Endometriosis Hospitalization Trends in SpainDec 12, 2022
The hospital admission trends of endometriosis patients in Spain differed over the years, study shows
- Elective surgery admissions decreased from 2003 to 2019 in Spain but emergency hospitalizations due to endometriosis have been growing since 2012.
- Identifying the trends of hospital admissions may shed light on the development of the management and the economic burden of the disease.
What’s done here
- This is an observational study performed to determine the hospital admission trends of endometriosis patients over a period of 10 years in Spain.
- The variables of age, admission year, admission type, presence of surgical intervention, and length of hospital stay were evaluated in patients that were hospitalized for intra-uterine endometriosis and the results were statistically analyzed.
- The rate of annual elective surgery admissions decreased significantly from 22.1 to 17.6 per 100,000 people.
- The elective surgery admissions increased significantly until 2003 after which it started dropping.
- The emergency admissions showed a significant average increase of 2% per year until 2019 starting from 2012.
- A gradual decline was witnessed for both types regarding the length of hospital stay until 2012 after which a fluctuation pattern was detected.
- Not having access to patients’ individual variables such as medical history and comorbidities
- Not having information on readmissions of the same patient in the same year
According to the general assumption, one in every ten women is believed to have endometriosis. However, recent literature shows a big difference in the prevalence rates ranging from 1 to 5%, likely because most cases remain undiagnosed. The need for hospital admissions in endometriosis patients on the other hand has decreased in the latest years owing to the fact that outpatient care for these patients has increased.
A group of researchers from Alicante, Spain, led by Dr. A. Queseda conducted an observational study to determine the trend in hospital admission rates related to endometriosis over a 10-year period aiming to assess the cost of the disease and the development of the disease management. The study was published in the September 2022 issue of the journal "Postgraduate Medicine".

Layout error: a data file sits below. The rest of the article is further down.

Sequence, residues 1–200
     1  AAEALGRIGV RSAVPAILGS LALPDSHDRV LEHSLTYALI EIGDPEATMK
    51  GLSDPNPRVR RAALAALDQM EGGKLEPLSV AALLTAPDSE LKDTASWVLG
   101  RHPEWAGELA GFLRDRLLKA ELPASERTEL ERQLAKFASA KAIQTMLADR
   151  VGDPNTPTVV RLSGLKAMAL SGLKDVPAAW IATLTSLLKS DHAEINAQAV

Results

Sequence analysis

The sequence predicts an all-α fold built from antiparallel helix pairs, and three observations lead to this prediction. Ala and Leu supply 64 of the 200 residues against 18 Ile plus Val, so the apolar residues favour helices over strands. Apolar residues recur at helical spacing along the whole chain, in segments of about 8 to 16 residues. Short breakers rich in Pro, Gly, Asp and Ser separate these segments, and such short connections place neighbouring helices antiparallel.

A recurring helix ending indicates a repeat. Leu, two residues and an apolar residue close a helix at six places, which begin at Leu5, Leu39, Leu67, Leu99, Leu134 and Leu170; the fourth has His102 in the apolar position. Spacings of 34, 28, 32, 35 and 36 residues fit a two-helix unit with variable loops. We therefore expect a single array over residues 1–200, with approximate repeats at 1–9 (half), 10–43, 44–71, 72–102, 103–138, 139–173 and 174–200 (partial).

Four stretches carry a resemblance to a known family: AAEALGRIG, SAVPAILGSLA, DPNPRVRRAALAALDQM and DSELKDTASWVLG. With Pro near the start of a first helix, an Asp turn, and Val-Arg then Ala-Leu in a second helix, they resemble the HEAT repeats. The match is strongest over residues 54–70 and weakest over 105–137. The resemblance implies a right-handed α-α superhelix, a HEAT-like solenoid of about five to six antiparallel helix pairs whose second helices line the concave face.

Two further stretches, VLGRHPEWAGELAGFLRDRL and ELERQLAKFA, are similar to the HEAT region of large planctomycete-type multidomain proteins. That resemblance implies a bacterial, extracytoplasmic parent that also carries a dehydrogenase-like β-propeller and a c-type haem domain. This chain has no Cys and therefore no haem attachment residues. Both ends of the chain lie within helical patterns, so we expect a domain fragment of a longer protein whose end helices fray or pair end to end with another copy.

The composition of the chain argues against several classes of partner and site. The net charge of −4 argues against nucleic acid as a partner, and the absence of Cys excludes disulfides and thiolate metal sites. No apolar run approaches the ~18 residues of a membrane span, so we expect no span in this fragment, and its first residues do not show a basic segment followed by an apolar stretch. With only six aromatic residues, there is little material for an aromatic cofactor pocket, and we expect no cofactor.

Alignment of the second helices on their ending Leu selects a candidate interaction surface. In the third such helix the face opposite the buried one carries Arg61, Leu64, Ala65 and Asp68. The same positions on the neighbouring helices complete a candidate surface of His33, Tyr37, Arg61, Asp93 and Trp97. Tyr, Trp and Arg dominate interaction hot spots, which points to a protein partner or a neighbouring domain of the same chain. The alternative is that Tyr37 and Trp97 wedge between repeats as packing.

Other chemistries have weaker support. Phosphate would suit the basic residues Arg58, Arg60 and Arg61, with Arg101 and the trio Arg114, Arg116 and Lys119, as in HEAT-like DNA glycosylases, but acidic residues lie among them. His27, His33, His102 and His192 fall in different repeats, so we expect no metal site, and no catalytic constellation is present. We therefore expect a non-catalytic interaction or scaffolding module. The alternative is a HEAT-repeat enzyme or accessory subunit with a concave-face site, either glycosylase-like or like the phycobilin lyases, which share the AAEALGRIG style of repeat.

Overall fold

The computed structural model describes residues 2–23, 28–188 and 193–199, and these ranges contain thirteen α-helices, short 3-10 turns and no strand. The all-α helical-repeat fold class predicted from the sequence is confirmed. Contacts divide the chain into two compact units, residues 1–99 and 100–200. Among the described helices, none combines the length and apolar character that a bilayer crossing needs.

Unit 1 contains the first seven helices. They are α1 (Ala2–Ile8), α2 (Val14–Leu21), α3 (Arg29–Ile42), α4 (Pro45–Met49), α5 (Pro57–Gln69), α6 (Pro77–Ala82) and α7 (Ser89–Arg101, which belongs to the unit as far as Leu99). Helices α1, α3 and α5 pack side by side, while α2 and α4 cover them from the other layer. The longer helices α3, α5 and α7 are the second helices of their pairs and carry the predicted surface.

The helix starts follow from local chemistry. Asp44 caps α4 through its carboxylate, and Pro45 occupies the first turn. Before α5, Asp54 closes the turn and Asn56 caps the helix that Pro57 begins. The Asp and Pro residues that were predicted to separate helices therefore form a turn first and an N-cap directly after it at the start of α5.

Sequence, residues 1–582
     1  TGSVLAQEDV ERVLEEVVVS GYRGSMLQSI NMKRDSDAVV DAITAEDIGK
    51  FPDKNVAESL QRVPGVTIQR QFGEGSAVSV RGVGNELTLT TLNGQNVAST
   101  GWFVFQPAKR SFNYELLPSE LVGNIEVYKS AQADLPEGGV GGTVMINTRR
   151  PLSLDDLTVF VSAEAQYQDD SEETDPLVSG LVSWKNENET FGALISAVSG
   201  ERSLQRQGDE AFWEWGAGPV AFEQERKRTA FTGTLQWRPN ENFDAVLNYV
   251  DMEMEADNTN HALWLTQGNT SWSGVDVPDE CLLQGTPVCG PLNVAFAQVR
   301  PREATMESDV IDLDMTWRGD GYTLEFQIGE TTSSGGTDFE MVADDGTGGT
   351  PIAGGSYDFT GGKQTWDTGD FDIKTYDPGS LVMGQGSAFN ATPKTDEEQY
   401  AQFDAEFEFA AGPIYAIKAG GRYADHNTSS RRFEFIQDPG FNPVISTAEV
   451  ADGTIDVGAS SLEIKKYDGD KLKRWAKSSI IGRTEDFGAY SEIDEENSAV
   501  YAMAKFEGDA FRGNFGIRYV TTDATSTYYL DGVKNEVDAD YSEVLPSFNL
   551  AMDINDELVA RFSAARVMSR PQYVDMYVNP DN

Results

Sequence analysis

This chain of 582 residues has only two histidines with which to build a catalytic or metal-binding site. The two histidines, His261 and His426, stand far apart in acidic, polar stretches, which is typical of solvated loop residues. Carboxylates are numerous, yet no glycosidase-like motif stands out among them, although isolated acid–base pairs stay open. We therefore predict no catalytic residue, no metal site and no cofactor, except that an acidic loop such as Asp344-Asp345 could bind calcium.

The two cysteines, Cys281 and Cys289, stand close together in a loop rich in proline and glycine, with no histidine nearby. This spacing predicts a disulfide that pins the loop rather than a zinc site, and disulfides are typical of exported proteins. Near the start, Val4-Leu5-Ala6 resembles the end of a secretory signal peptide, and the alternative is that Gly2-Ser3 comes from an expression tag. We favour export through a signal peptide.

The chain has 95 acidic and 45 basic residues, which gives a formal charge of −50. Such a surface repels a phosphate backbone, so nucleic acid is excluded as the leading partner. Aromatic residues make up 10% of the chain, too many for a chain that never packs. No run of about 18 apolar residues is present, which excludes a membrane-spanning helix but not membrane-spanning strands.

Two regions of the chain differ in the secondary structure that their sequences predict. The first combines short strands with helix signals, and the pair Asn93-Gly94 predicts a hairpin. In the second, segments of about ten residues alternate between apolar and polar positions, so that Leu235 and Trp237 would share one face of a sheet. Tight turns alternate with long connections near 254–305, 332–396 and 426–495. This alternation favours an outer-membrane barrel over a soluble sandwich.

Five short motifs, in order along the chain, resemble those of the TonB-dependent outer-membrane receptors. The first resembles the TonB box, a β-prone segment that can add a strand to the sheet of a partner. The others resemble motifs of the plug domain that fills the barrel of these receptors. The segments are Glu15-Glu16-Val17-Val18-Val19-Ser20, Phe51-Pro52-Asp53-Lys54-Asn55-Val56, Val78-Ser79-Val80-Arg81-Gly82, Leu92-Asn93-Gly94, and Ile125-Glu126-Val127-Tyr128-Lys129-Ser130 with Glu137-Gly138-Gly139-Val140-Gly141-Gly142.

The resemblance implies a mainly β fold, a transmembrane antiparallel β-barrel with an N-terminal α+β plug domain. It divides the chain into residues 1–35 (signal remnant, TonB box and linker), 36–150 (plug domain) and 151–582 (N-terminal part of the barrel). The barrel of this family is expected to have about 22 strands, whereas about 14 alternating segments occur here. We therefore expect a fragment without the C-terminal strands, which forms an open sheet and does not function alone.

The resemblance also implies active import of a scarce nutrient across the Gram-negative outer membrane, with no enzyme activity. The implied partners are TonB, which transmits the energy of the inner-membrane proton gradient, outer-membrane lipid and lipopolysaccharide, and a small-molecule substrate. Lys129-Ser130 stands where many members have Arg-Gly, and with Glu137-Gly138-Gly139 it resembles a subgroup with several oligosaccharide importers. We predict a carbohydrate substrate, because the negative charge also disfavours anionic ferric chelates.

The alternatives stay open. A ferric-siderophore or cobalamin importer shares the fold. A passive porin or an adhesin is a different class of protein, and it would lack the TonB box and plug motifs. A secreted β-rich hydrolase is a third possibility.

The data on women aged between 15 to 54 years and hospitalized for intra-uterine endometriosis was reached from the hospital database and evaluated for variables such as age, admission year, admission type, presence of surgical intervention, and length of hospital stay. A total of 100,148 admissions were identified with 80.8% being for elective surgeries and 19.2% being general emergency admissions.
The rate of annual elective surgery admissions was seen to decrease significantly from 22.1 to 17.6 per 100,000 people as well as the emergency hospitalization rate from 9.1 to 6.1. The elective surgery admissions rose significantly until 2003 after which it dropped continuously whereas the trend in emergency admissions was the opposite as it showed a dramatic decline until 2012 and then surged significantly with an average increase of 2%. The decline in elective admissions that started in 2003 was thought to be the result of a change in hospital management that called for fewer hospital beds to save more and a shift in the management of testing which was done in an inpatient setting up until 2003. The authors also stated that the decrease in elective surgery admissions could be explained by the developments in reproductive health management resulting in fewer surgeries to preserve reproductive functions. It was also seen that in terms of the length of hospital stay, emergency admissions were longer than elective surgery admissions. A gradual drop was seen for both types regarding the length of hospital stay until 2012 after which a fluctuation pattern was observed.
It was concluded that a more conservative approach regarding the avoidance is surgery has been taking place allowing for new treatments. Future research may aid in understanding more about the management of this challenging disease.
Research Source: https://pubmed.ncbi.nlm.nih.gov/36124556/
endometriosis hospitalization hospital admission